Clearing out these browser tabs.
Teacher unions have taken a hit this week. Steven Jobs of Apple computer fame started it with:
Senator Lamar! Alexander (R-TN) added to the pile when he revealed on the Senate floor that the NEA had written him asking him to vote NO on a teacher incentive amendment he sponsored. Big oops there. Edspresso has the video.
"I believe that what is wrong with our schools in this nation is that they have become unionized in the worst possible way," Jobs said.
"This unionization and lifetime employment of K-12 teachers is off-the-charts crazy." Houston Chronicle
Alexander has offered an amendment to the Continuing Resolution that would fund, at some $90 million dollars, a teacher incentive fund. Read Senator Alexander's run down.
The Pittsburgh Post Gazette had something to add to the discussion:
"Incredibly, you can walk into almost any school in America, go down the hall to the first couple of classrooms you find, look at the teachers inside and realize this: Nobody -- not the principal, not the parents, not the students, not even the teachers themselves -- actually knows how effective these teachers are in helping their students learn," said a 2004 report by Kevin Carey, then director of research policy for The Education Trust.And so there's the rub. Incentive pay usually comes with the strings of performance. Proving performance means someone's going to lose their job and the NEA is in the business of ensuring that people keep their jobs. If only they really were a professional organization that policed their own.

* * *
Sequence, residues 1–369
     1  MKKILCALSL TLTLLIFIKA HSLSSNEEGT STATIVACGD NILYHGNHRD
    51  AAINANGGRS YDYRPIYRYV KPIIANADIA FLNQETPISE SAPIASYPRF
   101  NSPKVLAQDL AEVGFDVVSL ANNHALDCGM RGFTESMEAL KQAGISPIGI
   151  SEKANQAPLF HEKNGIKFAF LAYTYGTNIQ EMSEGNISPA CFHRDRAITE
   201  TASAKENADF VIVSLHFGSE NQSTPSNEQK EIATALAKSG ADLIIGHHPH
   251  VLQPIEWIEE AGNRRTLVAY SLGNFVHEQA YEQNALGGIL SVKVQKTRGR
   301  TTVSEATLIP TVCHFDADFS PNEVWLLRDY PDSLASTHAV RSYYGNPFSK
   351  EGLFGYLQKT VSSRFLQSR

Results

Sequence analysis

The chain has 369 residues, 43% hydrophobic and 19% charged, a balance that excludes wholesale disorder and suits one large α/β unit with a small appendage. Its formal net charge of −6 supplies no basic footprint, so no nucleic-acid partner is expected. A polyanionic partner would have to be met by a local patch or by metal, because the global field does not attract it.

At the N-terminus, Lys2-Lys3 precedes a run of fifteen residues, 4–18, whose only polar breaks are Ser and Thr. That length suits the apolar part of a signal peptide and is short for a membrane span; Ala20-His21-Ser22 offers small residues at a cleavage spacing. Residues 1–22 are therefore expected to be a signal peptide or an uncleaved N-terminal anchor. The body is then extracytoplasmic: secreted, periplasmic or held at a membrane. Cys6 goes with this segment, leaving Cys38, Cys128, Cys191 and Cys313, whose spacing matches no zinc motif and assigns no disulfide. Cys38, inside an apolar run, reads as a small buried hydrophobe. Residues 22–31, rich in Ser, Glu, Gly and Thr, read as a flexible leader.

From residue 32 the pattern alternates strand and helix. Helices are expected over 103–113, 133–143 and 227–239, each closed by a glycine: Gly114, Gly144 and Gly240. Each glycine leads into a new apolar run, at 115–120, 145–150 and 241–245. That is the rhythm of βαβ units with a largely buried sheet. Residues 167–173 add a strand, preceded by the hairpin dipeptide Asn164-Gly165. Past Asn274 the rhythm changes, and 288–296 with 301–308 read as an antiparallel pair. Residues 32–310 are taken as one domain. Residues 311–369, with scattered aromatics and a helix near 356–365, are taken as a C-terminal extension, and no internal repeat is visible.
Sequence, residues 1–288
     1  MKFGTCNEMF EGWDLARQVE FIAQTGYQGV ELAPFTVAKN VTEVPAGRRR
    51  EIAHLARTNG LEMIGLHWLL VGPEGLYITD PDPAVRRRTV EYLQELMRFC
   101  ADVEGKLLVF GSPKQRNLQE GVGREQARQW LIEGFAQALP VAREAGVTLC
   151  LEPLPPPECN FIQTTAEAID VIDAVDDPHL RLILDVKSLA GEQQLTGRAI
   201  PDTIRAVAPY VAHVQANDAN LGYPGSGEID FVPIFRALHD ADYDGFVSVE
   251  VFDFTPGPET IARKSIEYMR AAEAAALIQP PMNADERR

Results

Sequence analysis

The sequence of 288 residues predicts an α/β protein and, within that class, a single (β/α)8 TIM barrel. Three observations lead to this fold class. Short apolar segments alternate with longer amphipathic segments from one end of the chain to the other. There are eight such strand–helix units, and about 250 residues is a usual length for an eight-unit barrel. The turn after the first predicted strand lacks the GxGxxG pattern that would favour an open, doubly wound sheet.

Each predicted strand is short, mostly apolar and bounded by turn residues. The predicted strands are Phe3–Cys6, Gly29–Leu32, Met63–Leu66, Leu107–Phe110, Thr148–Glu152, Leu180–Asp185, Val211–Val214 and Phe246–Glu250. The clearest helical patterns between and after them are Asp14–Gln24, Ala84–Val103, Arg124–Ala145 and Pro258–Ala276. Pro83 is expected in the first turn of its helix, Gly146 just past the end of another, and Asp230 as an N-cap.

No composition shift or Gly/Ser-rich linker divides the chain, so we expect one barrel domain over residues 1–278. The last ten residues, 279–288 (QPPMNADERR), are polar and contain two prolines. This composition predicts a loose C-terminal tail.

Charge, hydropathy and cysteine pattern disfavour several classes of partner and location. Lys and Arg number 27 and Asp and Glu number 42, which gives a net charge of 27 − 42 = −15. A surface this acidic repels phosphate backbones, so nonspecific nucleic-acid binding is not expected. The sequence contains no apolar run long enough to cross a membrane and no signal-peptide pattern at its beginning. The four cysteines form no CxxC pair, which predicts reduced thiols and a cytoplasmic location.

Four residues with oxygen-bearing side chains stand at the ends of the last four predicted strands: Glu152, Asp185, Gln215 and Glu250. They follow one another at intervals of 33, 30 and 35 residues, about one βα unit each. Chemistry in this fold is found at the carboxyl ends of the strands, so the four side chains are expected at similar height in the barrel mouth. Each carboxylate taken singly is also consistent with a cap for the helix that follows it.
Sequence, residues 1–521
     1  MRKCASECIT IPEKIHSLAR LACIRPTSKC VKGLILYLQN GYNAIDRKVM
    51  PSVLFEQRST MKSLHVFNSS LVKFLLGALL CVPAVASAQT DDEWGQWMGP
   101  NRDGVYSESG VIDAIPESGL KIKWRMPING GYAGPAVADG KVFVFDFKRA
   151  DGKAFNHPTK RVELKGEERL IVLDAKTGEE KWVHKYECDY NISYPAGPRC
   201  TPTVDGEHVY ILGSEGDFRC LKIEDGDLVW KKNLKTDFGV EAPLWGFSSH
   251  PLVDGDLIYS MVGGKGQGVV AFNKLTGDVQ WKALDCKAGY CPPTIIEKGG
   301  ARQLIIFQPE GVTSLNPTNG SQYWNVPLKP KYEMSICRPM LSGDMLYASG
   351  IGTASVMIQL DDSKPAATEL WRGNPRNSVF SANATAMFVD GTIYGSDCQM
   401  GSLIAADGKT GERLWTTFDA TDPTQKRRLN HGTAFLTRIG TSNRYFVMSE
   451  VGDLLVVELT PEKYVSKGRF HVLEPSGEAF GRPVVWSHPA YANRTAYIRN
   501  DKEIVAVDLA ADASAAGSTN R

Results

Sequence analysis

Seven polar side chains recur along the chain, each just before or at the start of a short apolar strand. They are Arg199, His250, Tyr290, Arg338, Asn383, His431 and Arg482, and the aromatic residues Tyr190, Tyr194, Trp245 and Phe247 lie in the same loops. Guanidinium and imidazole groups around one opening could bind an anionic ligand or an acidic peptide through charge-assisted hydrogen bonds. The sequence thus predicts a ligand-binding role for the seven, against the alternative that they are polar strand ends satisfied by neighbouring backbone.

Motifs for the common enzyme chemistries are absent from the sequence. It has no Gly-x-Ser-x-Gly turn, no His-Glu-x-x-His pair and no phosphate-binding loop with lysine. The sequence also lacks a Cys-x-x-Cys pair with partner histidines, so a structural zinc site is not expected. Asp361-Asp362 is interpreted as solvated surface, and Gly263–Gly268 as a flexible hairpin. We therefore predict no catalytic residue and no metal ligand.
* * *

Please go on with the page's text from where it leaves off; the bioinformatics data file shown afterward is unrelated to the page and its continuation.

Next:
Climate change Kool-aid will be served to our students. Martin Kennedy shares the press release. Here's a snip:
Two upcoming webcasts will present Tennessee teachers with the latest research on climate science and solutions to global climate change. Led by atmospheric chemist Dr. Bill Chameides, chief scientist with Environmental Defense,...I'm sure it'll be very scientific, fair and balanced. And those who are hot to present the Oscar winning "An Inconvenient Truth" in our classrooms may want to pause a moment and consider that some school districts have very specific policies (often ignored) about complying with copyright rules. A classroom is a public viewing. You should be paying for the privilege or get explicit permission.
Better late than early: Last Saturday's opinion piece by State Rep. David Hawk suggesting some 5 year old aren't ready for kindergarten reminded me immediately of a book written back in 1989 by homeschooling pioneers Dr. Raymond S. & Dorothy Moore called Better Late Than Early. In our rush to ensure the children are educated we too often forget that many of them just need time to mature and the freedom to learn as children learn.
Vanderbilt's Peabody College professor Dale Farron's comments agreed.
Studies show that these children who haven't begun kindergarten until 6 tested higher at the beginning of kindergarten and maintained that advantage at least through the first two grades. Six-year-olds in a classroom set the pace; they seem better prepared, and they profit from the type of instruction now provided.Chamber Grades MNPS: Nothing really new here. Same old same old. I did learn that they've been doing this for 14 years but, as I've mentioned before, you won't find 14 years worth of data on their website to help us put the entire effort in perspective.